The U.S. Coast Guard and Royal Dutch Shell Plc were fighting 70 mile-per-hour winds and 40-foot swells as they tried to assess damage to a floating oil drilling ship that ran aground on a remote Alaskan island.
Authorities haven’t been able to board people onto the Shell rig Kulluk because of the challenging conditions and are still watching the weather, said Jason Moore, a spokesman in Anchorage, Alaska, for the Unified Command, a response group that includes the Coast Guard and industry representatives. The Coast Guard was observing the rig overnight, he said in a telephone interview today.
“It was rocking a little bit, so it is responding to wave action,” he said. “It is stable. No sheen of any kind.”
The rig was stranded on the coast of Sitkalidak Island, about 60 miles (97 kilometers) southwest of the town of Kodiak, according to a Coast Guard statement yesterday. Environmental groups yesterday called for a halt to the company’s efforts to drill in Arctic waters. Opponents had previously sued Shell to prohibit drilling off Alaska.
The rig went ashore at 8:48 p.m. Alaska time on Dec. 31.
The Kulluk has approximately 139,000 gallons of ultra-low-sulfur diesel and 12,000 gallons of combined lube oil and hydraulic fluid on board. Shell owns the vessel while Noble Corp., a rig contractor, provides crew members and manages its drilling operations, John Breed, a spokesman for Geneva-based Noble, said today in a telephone interview.
An initial Coast Guard helicopter flight over the grounded rig didn’t detect any visible sign of a spill. More inspections were planned, while the approximately 250 people involved in response efforts were hampered by the winds and high seas, according to the statement.
“The weather is a little bit better today, but still difficult conditions,” Moore said. The earliest that salvage teams can go out is after daylight, which has been happening between 9 and 10 a.m. Alaska time, he said.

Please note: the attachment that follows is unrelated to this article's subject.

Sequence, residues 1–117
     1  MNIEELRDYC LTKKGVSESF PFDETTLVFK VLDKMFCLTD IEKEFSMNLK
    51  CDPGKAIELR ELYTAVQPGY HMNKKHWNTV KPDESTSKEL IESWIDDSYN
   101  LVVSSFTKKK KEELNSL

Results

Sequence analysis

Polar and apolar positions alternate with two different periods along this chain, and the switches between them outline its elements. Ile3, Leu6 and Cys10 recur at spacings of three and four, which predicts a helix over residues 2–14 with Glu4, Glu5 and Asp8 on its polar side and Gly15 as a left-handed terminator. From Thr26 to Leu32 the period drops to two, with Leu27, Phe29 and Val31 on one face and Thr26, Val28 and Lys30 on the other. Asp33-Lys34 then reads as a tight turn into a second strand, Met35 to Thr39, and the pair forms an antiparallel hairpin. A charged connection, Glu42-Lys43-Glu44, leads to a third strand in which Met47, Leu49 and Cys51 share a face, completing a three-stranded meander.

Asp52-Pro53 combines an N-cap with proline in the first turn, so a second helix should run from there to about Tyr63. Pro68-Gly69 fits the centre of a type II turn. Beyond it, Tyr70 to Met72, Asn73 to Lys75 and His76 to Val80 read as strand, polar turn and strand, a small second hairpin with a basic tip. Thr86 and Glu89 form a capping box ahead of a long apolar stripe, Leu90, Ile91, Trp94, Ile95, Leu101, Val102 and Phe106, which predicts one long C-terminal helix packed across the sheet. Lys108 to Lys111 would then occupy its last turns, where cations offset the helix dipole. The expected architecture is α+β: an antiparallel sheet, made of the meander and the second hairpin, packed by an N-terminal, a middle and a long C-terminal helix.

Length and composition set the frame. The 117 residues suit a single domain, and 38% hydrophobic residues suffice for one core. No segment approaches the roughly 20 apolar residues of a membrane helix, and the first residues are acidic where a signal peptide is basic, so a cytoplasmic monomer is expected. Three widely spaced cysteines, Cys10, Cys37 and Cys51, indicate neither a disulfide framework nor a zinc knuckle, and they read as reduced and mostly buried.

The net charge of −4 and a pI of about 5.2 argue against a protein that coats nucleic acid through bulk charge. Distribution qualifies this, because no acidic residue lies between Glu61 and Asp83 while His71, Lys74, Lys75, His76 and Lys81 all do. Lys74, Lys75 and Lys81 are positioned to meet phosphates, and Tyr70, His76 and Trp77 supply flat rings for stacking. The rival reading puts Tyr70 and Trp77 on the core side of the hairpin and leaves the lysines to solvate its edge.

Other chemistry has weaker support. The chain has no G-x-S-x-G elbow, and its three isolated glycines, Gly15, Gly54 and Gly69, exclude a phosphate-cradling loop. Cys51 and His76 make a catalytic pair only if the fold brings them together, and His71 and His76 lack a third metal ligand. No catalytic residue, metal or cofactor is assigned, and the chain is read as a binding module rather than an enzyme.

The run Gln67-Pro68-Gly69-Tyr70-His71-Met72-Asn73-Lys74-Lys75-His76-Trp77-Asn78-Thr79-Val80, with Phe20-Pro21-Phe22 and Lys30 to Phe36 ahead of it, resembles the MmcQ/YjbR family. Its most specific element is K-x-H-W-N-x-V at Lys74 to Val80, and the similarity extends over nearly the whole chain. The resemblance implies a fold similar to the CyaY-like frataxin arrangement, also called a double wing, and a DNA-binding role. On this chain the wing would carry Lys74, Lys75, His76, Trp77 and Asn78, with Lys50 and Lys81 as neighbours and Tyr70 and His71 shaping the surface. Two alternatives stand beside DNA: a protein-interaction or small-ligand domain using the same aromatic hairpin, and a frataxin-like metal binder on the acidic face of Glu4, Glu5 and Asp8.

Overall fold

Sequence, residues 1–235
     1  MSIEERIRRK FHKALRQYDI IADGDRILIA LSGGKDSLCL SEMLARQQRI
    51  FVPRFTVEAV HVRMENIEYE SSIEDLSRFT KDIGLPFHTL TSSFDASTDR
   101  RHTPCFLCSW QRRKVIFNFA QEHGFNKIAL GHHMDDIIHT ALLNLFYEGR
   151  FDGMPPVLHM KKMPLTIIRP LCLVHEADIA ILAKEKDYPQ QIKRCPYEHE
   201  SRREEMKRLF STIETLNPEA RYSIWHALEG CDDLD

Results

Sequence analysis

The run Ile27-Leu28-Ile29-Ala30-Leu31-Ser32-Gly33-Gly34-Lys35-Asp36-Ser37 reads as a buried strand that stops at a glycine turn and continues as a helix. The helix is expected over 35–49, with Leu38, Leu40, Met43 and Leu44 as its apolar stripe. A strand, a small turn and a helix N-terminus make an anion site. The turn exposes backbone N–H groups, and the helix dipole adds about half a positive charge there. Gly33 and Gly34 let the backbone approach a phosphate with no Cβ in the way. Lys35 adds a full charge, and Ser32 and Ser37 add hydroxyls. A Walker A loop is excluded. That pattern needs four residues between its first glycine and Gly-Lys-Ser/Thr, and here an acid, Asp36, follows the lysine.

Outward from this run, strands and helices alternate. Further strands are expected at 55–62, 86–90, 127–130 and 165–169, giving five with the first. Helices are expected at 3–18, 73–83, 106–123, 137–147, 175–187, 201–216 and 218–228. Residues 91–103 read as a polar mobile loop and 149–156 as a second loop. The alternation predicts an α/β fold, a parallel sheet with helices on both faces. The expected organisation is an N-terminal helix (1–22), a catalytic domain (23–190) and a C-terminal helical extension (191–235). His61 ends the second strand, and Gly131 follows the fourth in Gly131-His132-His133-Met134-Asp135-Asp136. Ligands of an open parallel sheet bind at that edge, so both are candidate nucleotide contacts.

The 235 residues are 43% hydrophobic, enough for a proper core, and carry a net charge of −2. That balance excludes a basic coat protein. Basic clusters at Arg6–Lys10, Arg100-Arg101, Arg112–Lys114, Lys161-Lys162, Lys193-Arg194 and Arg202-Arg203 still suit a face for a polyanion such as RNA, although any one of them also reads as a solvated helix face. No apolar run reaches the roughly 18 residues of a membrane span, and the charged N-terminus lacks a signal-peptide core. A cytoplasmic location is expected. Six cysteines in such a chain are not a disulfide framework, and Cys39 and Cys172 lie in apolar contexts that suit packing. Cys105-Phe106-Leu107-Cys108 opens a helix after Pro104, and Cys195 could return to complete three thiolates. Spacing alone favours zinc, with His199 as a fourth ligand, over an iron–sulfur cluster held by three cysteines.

The state of Alaska will continue to monitor the rig site for environmental damage, Steve Russell, an official with the Department of Environmental Conservation, said yesterday. There are potential impacts to wildlife and native Alaskans, Russell said. The land on the coast near the rig site is owned by the Old Harbor Native Corp., he said.
Shell and its contractors are “no match” for Alaska’s weather and sea conditions, Lois N. Epstein, Arctic program director for The Wilderness Society, said in a statement posted on the group’s website. The group called for the federal government to stop Shell’s drilling in the Arctic Ocean.
Shell released a statement last night saying that the incident didn’t involve drilling operations and that there was no threat of a crude oil release.
“We quickly mobilized experts to respond to this situation,” Shell said in its statement. “The Shell emergency response assets and contingencies that were deployed over the last four days represent the best available in the world.”
Shell has invested $4.5 billion in offshore leases and equipment and fought at least 50 lawsuits from environmental groups to begin drilling in the Chukchi and Beaufort seas last year, the first wells in U.S. Arctic waters in about 20 years.
The other Arctic drilling vessel used by Shell last year, the Noble Discoverer owned by Noble, was held by the Coast Guard in Seward, Alaska, in November after it lost propulsion and inspectors found safety discrepancies. That ship will be towed to Seattle for repairs, a Coast Guard spokesman said.
Shell expects to resume drilling once sea ice melts later this year, Curtis Smith, an Alaska-based Shell spokesman, said in a telephone interview Dec. 30. The Hague-based company was forced to cancel drilling off Alaska in September because of damage to a dome designed to capture any underwater spill.
The Kulluk was en route to Seattle for repairs after drilling in the Beaufort Sea off the Alaska coast. The rig had been adrift and then was temporarily brought back under control before it went aground. The Kulluk’s crew were evacuated Dec. 29 as a precaution, Smith said.
The Coast Guard dispatched a cutter and rescue helicopters Dec. 28 after the Shell towing vessel Aiviq reported that its line to the Kulluk was separated in heavy seas, the Coast Guard said in a statement. Aiviq recaptured the barge, then went adrift itself when all four diesel engines quit because of contaminated fuel, Smith said.
A second Shell ship, the Nanuq, had joined the 360-foot Aiviq in towing the drilling rig south. The Nanuq is equipped to contain any oil spill, according to a Shell fact sheet. The company has also dispatched a tug, the Guardsman, and the Klamath, a 47-foot (8.3 meters) skimming vessel, to help in the recovery.
Both the Coast Guard and Shell will investigate why the tow boats lost control of the Kulluk, authorities said during a telephone news conference yesterday.
“There will be an investigation into the cause of this incident once we have the situation under control,” said Sean Churchfield, Shell’s Alaska operations manager.